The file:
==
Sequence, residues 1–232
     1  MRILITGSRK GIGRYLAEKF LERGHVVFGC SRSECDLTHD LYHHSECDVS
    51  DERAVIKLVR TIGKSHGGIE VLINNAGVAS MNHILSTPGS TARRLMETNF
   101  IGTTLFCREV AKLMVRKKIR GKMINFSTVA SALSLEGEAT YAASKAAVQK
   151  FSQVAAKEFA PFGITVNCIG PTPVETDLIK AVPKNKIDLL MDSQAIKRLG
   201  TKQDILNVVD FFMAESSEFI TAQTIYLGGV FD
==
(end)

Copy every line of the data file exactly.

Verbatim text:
Sequence, residues 1–232
     1  MRILITGSRK GIGRYLAEKF LERGHVVFGC SRSECDLTHD LYHHSECDVS
    51  DERAVIKLVR TIGKSHGGIE VLINNAGVAS MNHILSTPGS TARRLMETNF
   101  IGTTLFCREV AKLMVRKKIR GKMINFSTVA SALSLEGEAT YAASKAAVQK
   151  FSQVAAKEFA PFGITVNCIG PTPVETDLIK AVPKNKIDLL MDSQAIKRLG
   201  TKQDILNVVD FFMAESSEFI TAQTIYLGGV FD